City of Wichita working to conserve water as levels at Cheney Reservoir decline

City officials said Wichita is currently in Stage 1 of its drought response plan.
Published: Jun. 1, 2023 at 11:58 AM CDT
Email This Link
Share on Pinterest
Share on LinkedIn

WICHITA, Kan. (KWCH) - The latest drought map shows Wichita among the 32 percent of the state in exceptional drought. As it doesn’t include the welcome rain Wichita saw on Thursday, the city has already begun conserving water, and it’s encouraging residents to do the same.

Half of Wichita’s annual drinking water comes from Cheney Reservoir. The Wichita Water Facility blends surface water from Cheney with that from the Equus beds well-field to meet water quality standards. As levels have declined, the city has entered Stage 1 of its Codified Drought Response Plan.

In April, Cheney was 86 percent full. As of June 1, it’s at 77 percent. Drought stages are determined by the average level of the Cheney Reservoir within a year-long period. If that average gets to 69 percent, the city will move into Stage 2, according to Don Henry, Assistant Director of Public Works, Water and Utilities.

Cheney Lake Levels as of June 1, 2023.
Cheney Lake Levels as of June 1, 2023.(KWCH)

Henry said based on the city’s projections, that could happen late this year or early next year. The moving target is based on not how much rain we get but on how much of that rain results in runoff into Cheney Reservoir.

While at Stage 1, Wichita has taken three primary measures: implementation of an internal conservation plan, enacting the water rebate program and reducing lawn and gardening water usage.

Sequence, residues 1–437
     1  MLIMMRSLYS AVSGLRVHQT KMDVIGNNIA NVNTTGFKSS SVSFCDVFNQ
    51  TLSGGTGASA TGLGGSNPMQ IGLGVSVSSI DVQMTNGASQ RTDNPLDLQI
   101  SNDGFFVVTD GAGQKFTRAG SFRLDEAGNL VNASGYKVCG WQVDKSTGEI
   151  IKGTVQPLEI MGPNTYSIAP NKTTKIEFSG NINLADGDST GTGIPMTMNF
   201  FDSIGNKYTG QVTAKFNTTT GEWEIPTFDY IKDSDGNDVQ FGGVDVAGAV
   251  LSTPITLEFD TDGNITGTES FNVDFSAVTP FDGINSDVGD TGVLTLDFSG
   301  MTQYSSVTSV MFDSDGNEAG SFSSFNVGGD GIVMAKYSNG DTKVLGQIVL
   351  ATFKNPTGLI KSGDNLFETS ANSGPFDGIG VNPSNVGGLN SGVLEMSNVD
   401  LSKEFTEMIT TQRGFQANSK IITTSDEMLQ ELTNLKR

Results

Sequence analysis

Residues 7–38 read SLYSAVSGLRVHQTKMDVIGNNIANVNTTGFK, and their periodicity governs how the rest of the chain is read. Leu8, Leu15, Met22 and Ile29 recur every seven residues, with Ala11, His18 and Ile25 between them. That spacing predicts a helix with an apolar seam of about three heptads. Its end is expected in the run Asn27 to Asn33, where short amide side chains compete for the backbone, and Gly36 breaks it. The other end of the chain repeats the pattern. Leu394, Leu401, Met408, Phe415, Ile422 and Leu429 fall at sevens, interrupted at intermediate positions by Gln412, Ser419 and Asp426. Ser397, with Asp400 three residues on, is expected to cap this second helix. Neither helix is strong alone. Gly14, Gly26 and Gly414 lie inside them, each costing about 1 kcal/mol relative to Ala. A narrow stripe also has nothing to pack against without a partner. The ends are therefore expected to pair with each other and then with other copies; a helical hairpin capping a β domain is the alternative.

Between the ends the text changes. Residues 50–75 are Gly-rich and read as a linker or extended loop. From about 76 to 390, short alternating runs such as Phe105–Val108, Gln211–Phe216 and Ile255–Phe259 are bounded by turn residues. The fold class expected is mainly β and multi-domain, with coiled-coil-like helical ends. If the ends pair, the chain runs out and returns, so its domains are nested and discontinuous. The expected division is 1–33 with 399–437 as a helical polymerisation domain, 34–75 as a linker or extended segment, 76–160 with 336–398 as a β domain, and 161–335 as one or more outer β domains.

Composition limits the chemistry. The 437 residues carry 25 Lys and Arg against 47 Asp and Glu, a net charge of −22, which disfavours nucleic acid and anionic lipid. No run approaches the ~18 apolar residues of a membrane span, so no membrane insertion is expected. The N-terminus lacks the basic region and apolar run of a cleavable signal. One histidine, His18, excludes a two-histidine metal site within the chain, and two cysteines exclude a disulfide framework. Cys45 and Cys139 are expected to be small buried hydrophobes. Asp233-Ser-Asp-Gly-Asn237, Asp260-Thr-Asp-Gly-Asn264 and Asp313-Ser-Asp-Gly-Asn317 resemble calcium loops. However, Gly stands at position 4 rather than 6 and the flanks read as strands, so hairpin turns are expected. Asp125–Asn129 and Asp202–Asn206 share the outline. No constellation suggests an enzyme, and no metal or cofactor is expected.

Mayor Bandon Whipple said the city has already taken a number of conservation measures including reducing water on parkland and city-owned grassy areas, irrigating city golf courses with pond water, wells and using drought-resistant grasses, using gray water on trees, only cleaning city vehicles when necessary and using water efficient devices at city facilities, along with other measures.

The city has also expanded its water rebate program not only to Wichita water customers but also to water customers outside of Wichita, and in other cities and towns that purchase wholesale water from the City of Wichita. The program offers rebates to customers who purchase water-saving appliances and devices.

Henry said this time of year, outdoor watering makes up a big chunk of the demand on Wichita’s water supply. He said water customers are encouraged to find ways to save and cut back as much as they can on outdoor watering.

With the Riverfest set to kick off on Friday, Whipple said the city will run its water fountains, but the fountains will be turned off after the festival.

You can find more ways to save water and check out the City of Wichita’s conservation efforts at